The discovery of new geometries in the nineteenth century showed that we ought not to be so certain that our geometry must be Euclidean. In the early twentieth century Einstein showed that our [universe’s] actual geometry was not Euclidean. So what are we to make of Kant’s certainty [that geometry was true a priori]? Einstein gave this diagnosis in his 1921 essay “Geometry and Experience.”
[A]n enigma presents itself which in all ages has agitated inquiring minds. How can it be that mathematics, being after all a product of human thought which is independent of experience, is so admirably appropriate to the objects of reality? Is human reason, then, without experience, merely by taking thought, able to fathom the properties of real things?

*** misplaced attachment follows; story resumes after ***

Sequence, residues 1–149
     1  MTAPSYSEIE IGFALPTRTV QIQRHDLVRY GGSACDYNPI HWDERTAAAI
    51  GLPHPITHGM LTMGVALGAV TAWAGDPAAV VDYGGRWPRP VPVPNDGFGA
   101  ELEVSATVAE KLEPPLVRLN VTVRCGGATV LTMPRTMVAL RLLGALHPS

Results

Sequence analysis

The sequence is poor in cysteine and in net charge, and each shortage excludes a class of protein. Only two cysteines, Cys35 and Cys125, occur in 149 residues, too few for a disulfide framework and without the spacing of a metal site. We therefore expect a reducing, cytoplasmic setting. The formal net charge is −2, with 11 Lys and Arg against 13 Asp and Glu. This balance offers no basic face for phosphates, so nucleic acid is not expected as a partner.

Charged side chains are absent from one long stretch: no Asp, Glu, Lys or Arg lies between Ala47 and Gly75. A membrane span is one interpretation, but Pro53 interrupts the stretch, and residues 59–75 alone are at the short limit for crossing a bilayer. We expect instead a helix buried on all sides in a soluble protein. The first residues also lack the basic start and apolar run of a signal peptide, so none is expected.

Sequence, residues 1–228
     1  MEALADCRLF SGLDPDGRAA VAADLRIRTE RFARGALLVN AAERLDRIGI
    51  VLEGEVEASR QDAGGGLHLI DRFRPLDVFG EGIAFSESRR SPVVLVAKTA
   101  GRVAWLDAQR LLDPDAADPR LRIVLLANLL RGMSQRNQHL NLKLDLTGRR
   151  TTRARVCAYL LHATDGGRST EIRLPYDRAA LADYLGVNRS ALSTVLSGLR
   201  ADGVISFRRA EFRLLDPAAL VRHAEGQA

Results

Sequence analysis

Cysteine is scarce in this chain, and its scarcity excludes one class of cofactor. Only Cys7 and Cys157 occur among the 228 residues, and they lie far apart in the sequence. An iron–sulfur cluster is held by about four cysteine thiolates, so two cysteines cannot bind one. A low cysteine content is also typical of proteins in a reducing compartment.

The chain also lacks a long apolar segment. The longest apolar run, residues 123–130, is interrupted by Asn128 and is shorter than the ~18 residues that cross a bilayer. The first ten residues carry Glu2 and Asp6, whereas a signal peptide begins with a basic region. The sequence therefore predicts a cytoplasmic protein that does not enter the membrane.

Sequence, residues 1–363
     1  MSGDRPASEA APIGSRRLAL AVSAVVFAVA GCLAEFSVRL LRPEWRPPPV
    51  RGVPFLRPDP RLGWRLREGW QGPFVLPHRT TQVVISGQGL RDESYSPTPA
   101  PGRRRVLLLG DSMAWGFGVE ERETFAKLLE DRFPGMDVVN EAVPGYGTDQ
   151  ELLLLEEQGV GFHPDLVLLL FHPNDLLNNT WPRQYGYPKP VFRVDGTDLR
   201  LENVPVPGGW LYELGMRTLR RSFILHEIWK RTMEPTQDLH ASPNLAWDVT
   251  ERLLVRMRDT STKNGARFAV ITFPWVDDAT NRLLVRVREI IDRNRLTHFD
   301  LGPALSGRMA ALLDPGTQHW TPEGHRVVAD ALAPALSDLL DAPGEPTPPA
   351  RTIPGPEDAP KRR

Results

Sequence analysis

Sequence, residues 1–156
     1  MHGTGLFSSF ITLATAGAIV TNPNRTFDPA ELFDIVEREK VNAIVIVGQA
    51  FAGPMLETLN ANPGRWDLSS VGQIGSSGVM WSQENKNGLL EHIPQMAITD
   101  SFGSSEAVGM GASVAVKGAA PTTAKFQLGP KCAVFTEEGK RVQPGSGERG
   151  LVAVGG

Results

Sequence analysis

In my opinion the answer to this question is, briefly, this: as far as the propositions of mathematics refer to reality, they are not certain; and as far as they are certain, they do not refer to reality…”
To restate Einstein’s point in terms closer to Kant’s terminology: in so far as geometry is synthetic its propositions are not certain; they are empirical claims about the world to be investigated by science like any other claim and we can never be absolutely certain of them. In so far as a geometry’s propositions are a priori, they are not factual claims about the world; they are “if-then” statement of logic within some logical system whose initial propositions are the postulates of the geometry.
— John D. Norton - Einstein for Everyone, ch. 15